WASHINGTON — After the D.C. region was slathered in ice and snow, authorities are now warning about blustery winds and bone-chilling temperatures that are set to plunge the area into a deep freeze Thursday night into Friday morning.
The National Weather Service has issued a Wind Chill Advisory for much of the D.C. region from 10 p.m. Thursday until noon Friday. The weather service said strong winds out of the northwest will average between 20 and 30 mph Thursday evening with some gusts reaching 50 mph.
Currently, there’s a wind advisory in effect until 7 p.m for most of the D.C. region warning of gusts up to 50 mph. The weather service said the strong winds could make driving difficult and may topple tree limbs and power lines.
The continued strong winds overnight will drag “feels-like” temperatures down to subzero levels all across the region by early Friday morning, prompting concerns about frost bite and hypothermia.
#WeatherAlert: Dangerous cold the next few mornings. These are the forecast #WindChills for early Friday morning. Take precautions to protect people, pets and pipes. #Working4You pic.twitter.com/KjMM5zP6OD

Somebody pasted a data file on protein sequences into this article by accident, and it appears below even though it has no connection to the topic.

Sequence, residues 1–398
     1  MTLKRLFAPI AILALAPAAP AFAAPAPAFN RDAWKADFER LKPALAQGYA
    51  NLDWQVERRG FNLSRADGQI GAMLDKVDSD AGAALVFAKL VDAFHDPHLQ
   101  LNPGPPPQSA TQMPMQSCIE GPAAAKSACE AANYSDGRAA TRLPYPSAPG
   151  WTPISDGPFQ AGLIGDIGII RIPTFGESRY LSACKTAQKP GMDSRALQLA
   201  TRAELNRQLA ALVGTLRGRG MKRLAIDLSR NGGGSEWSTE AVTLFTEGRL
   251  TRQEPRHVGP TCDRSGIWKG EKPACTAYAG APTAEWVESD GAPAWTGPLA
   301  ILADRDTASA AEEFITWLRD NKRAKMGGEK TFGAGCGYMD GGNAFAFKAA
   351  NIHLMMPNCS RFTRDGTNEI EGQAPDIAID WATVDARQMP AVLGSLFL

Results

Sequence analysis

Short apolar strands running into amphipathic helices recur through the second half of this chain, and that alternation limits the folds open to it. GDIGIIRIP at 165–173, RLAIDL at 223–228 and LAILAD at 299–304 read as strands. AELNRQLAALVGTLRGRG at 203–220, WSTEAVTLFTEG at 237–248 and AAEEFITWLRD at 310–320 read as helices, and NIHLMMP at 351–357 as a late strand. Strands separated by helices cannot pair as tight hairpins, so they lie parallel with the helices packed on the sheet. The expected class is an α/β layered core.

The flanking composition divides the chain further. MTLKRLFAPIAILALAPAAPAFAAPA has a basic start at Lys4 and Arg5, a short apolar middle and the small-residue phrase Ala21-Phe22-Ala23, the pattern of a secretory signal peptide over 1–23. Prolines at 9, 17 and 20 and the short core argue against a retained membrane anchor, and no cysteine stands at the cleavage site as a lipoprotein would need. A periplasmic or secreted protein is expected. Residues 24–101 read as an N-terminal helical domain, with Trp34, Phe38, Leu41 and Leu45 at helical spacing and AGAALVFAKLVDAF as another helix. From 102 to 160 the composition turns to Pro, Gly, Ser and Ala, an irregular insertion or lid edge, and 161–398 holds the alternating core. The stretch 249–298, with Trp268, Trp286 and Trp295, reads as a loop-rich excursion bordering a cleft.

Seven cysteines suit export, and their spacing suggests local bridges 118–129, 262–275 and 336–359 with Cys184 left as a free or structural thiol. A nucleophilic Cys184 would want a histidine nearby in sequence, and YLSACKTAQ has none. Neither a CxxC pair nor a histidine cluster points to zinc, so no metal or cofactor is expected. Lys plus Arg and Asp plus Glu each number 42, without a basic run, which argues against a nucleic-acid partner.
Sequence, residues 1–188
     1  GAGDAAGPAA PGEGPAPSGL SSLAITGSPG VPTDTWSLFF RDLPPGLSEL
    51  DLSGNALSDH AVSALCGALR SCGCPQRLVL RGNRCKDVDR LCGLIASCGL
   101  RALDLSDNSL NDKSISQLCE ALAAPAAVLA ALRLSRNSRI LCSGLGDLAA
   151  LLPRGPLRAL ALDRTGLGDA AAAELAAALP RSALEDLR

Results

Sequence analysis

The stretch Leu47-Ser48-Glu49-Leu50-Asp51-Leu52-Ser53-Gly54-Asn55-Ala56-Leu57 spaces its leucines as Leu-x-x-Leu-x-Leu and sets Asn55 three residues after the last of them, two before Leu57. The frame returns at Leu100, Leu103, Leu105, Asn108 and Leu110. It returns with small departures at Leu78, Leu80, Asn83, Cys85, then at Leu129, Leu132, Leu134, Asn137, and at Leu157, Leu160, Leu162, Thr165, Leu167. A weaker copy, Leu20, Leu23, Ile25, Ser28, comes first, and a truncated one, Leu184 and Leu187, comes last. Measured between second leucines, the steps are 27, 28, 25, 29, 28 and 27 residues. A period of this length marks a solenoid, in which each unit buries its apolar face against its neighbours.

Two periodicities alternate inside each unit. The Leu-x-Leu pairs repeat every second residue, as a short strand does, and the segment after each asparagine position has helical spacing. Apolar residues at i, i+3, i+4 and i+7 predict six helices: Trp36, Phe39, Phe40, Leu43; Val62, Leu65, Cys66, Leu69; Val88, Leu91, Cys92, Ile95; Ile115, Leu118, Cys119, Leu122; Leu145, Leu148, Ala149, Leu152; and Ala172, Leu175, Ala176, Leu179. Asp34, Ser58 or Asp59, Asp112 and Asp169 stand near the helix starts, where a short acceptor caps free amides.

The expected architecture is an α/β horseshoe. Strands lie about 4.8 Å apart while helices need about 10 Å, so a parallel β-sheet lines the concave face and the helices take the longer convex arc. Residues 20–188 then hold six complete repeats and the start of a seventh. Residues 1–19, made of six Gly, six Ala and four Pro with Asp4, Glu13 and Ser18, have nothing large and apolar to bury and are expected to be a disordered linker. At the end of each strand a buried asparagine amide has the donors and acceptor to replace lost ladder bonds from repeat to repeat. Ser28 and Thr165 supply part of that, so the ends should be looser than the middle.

— Chuck Bell (@ChuckBell4) January 4, 2018
There are also concerns that the brutally cold temperatures could encrust wet, slushy roads in layers of ice.
For Thursday, temperatures are expected to remain in the 20s until about sun down, when the winds pick up, dropping wind chills to near zero. By Friday morning, the wind chills in some areas could be anywhere from five degrees to 15 degrees below zero, said WTOP meteorologist Matt Ritter.
Wind chills that cold can cause frostbite to exposed skin in as little as 30 minutes, experts say.
The sun is expected to make a return Friday, but wind chill temperatures are expected to remain in the single digits it not zero all day.
“Wind chills [Friday] will also still be bitterly cold but at least we’ll be mostly sunny,” Ritter said.
The region has already been shivering through an uncharacteristic cold snap. Since Dec. 26, Reagan National Airport has only reached above freezing three times, Ritter said. That includes a brief warm-up Wednesday — when the high reached 35 degrees.
The colder-than-normal temps have burst pipes and water brain breaks and wreaked havoc on car and school bus engines.
DC Water tweeted Thursday its crews have responded to 141 water main breaks since Dec. 1 — with half of those occurring just in the last few days.
Meteorologists say you shouldn’t expect much of a warm-up this weekend. Highs are only forecast to reach the teens both days, although the winds are expected to gradually die down.
One good reason to look forward to Monday? The mercury is expected to finally slide up above freezing Monday afternoon, with forecast highs near 40 degrees. But with the warmer temps comes the possibility for precipitation — and we don’t mean more snow.
“With that January thaw, there may actually be some rain possible on Monday and Tuesday, but that’s not set in stone yet,” Ritter said.